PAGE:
The timescales for returning to work, post the Covid-19 outbreak are still uncertain and unpredictable; no-one knows what the future holds or what the working landscape will look like. The ability of businesses to be able to return to their normal operations will depend on a huge number of factors, with many businesses having to totally re-think the way they work. What is certain is that there will need to be a continuing level of flexibility and adjustment from all of us.
Things you need to know
During the Coronavirus crisis, many businesses have been forced to turn to more flexible working practices, with more people working from home, working different hours and balancing childcare and care of the elderly in the working day.
On the whole, people have adapted well to the changes and are enjoying the luxury of no work-related travel or the commute to work, a more relaxed environment and the better work- life balance they’ve been able to achieve.
Businesses will undoubtedly be under pressure from their staff to reconsider more permanent flexibility, including a continuation of working from home, reduced, or alternative hours of work.
Rights and Legislation
Most employees now have the right to request flexible working and it is the responsibility of the employer to seriously consider the practicalities of doing so. Full details of the reasons for refusal are detailed in the flexible working blog below.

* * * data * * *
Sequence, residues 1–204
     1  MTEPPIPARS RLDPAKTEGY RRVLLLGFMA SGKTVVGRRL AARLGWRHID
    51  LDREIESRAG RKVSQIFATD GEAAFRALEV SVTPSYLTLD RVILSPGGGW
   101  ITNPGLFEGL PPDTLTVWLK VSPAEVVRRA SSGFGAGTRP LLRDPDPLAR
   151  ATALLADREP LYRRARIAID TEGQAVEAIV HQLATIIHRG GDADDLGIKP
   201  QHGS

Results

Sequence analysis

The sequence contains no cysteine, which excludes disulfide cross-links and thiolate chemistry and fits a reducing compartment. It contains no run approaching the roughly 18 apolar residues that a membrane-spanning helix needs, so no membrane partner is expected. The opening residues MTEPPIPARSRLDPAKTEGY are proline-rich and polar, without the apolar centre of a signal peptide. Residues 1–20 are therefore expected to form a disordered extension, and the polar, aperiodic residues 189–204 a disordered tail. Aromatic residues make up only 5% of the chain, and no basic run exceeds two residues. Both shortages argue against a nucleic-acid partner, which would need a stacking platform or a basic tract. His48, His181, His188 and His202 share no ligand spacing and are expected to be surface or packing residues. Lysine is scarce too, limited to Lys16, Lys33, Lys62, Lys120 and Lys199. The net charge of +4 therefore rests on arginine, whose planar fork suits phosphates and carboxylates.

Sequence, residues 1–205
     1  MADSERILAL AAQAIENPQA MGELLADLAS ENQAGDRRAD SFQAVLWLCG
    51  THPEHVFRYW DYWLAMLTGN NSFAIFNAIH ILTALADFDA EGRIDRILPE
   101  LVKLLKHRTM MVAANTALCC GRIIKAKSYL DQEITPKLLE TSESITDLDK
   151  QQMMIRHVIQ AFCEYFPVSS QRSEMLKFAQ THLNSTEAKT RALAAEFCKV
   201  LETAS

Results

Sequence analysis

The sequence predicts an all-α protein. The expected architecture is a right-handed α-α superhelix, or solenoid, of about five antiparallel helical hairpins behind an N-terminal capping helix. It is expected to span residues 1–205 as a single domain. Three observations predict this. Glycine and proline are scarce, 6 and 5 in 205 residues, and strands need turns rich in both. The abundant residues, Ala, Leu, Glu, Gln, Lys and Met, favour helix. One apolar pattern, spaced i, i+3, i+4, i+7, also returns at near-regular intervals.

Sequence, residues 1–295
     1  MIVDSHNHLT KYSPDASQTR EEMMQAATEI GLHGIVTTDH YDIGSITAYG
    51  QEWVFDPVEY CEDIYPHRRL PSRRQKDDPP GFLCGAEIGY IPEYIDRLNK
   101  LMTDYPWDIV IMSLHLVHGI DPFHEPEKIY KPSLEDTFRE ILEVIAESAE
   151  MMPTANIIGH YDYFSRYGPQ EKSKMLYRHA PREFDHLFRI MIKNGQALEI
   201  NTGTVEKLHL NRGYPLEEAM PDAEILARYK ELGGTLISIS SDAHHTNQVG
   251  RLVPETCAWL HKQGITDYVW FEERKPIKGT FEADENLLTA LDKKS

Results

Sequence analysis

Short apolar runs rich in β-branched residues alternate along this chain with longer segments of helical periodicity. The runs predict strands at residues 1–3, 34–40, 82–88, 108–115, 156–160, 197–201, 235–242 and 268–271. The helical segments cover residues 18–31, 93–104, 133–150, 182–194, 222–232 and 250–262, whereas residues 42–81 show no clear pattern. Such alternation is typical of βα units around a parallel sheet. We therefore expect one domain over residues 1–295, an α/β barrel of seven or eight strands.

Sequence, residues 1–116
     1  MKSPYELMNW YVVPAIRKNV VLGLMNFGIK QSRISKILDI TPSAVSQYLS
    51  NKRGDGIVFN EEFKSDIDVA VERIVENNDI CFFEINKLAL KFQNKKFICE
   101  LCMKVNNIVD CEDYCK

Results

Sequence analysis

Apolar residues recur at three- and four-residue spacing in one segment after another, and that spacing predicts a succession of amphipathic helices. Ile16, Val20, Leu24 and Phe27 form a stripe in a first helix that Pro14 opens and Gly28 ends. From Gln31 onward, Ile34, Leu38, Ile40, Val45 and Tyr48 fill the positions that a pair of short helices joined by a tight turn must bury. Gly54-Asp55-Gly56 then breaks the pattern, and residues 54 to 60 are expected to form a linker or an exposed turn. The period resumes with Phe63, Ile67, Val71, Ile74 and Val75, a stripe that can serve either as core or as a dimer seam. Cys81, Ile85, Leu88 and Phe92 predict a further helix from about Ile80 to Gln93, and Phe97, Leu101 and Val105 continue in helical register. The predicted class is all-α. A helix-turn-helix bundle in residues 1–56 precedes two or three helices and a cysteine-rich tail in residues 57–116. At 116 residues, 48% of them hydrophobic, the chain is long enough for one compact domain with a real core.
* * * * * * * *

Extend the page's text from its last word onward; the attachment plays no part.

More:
The Coronavirus outbreak has set a precedent for flexible working to become the norm rather than the exception, hence it will be far more difficult for an employer to refuse a request. Here’s a brief overview of the process and thinking which employers must practice:-
- The employee should submit a written request and you must consider the request as soon as possible.
- If there is a workplace policy on flexible working, the employer should check the details before taking any action. If there is no policy, now may be a good time to put one in place.
Refusing a Request
- If the employer is unable to approve the request or needs more information or to discuss alternative options, then a meeting should be arranged with the employee (virtual is fine).
- The employee has the right to be accompanied in a meeting, so the employer will need to be flexible and find a work around to involve this person in the discussions.
- Any decision should always be confirmed in writing to the employee, stating in full the reasons for refusal.
- Where a request has been refused, the employee can appeal and again has the right to be accompanied at the meeting.
Agreeing to a Request
- The employer may agree to a trial period and should the arrangements not have worked, then the employee can be asked to revert to their previous arrangement.
- Where a request is authorised, this represents a permanent change to the employee’s contract of employment and a new contract, or variation letter must be produced and signed by all parties.
- If the flexible working request involves working from home, then the employer should have a robust policy which establishes rules and boundaries.
The benefits for employers and employees are numerous, not least to improve staff wellbeing, enable greater work-life balance, increase productivity and loyalty from staff.
The custom and practice set during the Coronavirus outbreak has proved, in particular, that flexibility, on the whole, does work. Employers will need to think very carefully when considering requests in the future.